Post. No. 55
Our last post presented a fresh approach to the intriguing question, Why do only some respond to the triggers encountered and those few become cross dressers? The developer of that hypotheses, WPDP, now adds further comments for your perusal. Note: the author, Julie, eliminated extraneous material for the sake of brevity..
“The majority of cross-dressers have their first memories of cross-dressing while they are in their early childhood. This would correspond with the period of synaptic pruning during our early learning processes. The brain would be associating cross-dressing with contact with a female, however it would NOT be sexual. At this juncture you lack the hormones to make cross-dressing a sexual experience. However you still crave contact with a female, and that contact is your mother. My mother always wanted a daughter so when my sister was born, she was pampered — the center of my mother’s attention. My mother tells me that she had to carry a baby in each arm as I insisted on her attention. When I was 3-yrs old I developed a type of play. I called it “mommy” but all I was doing was raiding mom’s closet. Playing with my mom’s clothes made me feel special. It was not sexual, but it was a sensory experience (No, my mother did not approve of my behavior.).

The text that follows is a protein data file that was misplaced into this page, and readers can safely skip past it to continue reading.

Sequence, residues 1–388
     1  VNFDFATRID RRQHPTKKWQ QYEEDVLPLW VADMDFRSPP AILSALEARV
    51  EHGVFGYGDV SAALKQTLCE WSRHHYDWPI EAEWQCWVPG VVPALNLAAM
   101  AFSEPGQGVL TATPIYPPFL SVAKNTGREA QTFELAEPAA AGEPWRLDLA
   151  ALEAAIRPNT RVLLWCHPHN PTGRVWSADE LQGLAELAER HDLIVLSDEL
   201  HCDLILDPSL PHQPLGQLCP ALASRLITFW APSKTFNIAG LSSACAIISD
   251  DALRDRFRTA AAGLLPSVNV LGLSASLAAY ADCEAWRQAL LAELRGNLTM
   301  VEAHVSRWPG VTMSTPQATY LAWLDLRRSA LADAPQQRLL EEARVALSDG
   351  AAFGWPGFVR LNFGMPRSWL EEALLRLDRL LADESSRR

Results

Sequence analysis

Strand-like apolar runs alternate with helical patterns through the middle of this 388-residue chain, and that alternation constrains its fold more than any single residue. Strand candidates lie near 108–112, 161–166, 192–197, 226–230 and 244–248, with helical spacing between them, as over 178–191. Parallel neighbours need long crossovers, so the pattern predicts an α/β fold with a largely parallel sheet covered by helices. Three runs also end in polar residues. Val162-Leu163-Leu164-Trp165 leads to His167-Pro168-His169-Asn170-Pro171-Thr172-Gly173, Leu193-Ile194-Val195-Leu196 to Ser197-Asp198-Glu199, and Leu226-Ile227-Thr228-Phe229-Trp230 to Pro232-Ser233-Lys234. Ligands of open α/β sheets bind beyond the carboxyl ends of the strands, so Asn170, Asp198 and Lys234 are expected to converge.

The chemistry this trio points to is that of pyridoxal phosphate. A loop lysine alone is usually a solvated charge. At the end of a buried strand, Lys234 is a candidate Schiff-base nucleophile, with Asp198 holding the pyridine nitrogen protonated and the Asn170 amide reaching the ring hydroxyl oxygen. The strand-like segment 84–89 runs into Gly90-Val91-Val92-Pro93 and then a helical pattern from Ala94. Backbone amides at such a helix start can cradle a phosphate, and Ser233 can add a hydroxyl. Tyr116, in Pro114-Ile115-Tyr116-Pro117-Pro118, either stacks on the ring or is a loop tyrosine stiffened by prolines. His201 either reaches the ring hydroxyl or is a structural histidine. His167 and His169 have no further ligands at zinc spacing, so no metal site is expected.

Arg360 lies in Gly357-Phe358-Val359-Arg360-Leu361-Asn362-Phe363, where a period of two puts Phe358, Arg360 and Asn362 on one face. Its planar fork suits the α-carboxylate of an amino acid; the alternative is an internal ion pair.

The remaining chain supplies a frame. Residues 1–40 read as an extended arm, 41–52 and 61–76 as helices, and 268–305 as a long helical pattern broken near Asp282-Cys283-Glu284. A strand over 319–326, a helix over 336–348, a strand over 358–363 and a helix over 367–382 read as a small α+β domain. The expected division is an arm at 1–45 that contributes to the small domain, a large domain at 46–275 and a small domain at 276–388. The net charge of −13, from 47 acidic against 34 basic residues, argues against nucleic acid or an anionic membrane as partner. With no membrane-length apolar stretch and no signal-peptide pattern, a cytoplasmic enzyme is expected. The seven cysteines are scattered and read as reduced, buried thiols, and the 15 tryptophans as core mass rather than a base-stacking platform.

Synesthesia does not mean random neural connections. The process of neural pruning removes nonsense connections and the learning process reinforces other connections. So, in your very early childhood you may have made associations between women’s clothing and the contact with a woman, and that may have been the only thing you needed.
I believe my theory is a radical paradigm shift on how cross-dressing is addressed in the scientific community. It means that we are not experiencing imaginary sensations. It means we are not victims of a sort of mental distress. And, this theory should be empirically verifiable. The role of psychology would be focused on helping us cope with our sensory experience in a society that does not have the same sensory experience.”
Many will relate to the above while others may say, “Yes, but my feelings go beyond merely the wearing of clothes — how does one explain my desire to emulate, to look like or, with some, to be a woman?
Turning to the February 2014 issue of the National Geographic that reveals, yet again but to a much greater extent, the brain’s immense storehouse of some 100,000 miles of fibers called white matter – enough to circle the Earth four times, of nerves by the billions forming grid-like structures into circuitry beyond our comprehension and we realize that we must leave some answers to the neurotechnologists to connect the dots for us — some day.